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Just Numbers

March 4, 2015

Medicine is obsessed with numbers.  Or rather, journalists and medical administrators are.  Here are two related examples of how large a grain of salt one must put on numbers.

Cardiac surgical procedures, like everything else in medicine, have quality indicators.  One of these is what we doctors call “30-day mortality”.  What this term means is that surgeons are evaluated in part on how many of the patients they operated on died within a month of having surgery.  Presumably a surgeon whose patients rarely die within 30 days is a better surgeon than one whose patients die all the time.  The American Academy of Hospice and Palliative Medicine, whose members deal frequently with the elderly, thinks this number, 30, harms old people.  The problem, according to Paula Span of the New York Times, is that surgeons refuse to operate on people who are more likely to die within 30 days, and that they keep patients alive in ICUs until day 31 to keep their numbers up.  Bad doctors!

The problem with the number 30 is not that it’s to short or too long, it is that it is a terrible metric for quality.  Patients die despite everyone’s best efforts, especially patients who are at higher risk for dying to begin with.  We need to find a metric that actually reflects quality of care.  Of course doctors are going to be leery of operating on really sick people, if their jobs are at stake!  I know people would like for doctors to be saints who take care of everyone all the time with nary a pecuniary thought, but I’m sorry, doctors are not saints.  Neither are patients.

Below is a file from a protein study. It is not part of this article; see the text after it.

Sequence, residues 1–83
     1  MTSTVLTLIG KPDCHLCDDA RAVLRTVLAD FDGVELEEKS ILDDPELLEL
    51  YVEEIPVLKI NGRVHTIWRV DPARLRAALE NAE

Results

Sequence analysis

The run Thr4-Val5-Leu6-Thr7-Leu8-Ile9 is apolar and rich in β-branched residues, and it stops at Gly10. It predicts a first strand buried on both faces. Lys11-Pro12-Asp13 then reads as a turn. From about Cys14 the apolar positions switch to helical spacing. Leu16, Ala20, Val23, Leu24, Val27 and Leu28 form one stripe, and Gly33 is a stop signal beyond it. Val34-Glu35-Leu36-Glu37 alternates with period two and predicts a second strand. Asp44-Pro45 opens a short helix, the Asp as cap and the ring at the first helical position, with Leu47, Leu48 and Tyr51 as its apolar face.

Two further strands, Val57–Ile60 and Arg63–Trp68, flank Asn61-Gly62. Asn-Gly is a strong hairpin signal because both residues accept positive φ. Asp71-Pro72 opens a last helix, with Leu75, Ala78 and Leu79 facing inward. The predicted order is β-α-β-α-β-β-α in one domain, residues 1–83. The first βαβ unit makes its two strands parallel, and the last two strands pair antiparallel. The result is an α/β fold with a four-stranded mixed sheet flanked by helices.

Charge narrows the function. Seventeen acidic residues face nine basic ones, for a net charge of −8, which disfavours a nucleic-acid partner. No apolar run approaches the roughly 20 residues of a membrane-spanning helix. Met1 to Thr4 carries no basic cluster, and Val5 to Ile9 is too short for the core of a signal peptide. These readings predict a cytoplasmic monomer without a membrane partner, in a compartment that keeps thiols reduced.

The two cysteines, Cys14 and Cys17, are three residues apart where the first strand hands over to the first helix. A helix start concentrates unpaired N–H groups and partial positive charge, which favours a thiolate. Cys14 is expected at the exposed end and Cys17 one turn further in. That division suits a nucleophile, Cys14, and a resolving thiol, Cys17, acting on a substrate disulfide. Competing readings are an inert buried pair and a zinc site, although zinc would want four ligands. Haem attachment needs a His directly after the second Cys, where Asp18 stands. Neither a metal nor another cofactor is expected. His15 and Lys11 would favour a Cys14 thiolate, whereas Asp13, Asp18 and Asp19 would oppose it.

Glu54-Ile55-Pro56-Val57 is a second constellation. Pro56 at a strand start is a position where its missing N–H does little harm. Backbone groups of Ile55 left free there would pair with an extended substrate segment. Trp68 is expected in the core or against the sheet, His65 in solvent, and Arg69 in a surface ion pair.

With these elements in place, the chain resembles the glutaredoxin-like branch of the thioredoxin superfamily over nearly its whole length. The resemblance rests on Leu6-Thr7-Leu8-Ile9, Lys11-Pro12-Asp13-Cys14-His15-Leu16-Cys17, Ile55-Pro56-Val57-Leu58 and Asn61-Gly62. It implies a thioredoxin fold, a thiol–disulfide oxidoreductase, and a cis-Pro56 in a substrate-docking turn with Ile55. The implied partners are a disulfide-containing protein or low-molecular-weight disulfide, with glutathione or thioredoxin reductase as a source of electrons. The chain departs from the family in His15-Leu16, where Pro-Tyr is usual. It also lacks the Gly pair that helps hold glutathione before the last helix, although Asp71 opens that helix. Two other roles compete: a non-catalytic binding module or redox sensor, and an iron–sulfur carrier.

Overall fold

Speaking of risk, here’s number two reason numbers are evil.  A recent article in the Journal of the American Medical Association reviewed the current literature on how accurate patients assessments of risks and benefits are.  The authors found that 65% of the time patients overestimate the benefits and 67% of the time they underestimate the risks.  The problem, according to Austin Frakt and Aaron Carroll of the New York Times, is that doctors don’t give patients adequate information about risks and benefits.  Bad Doctors!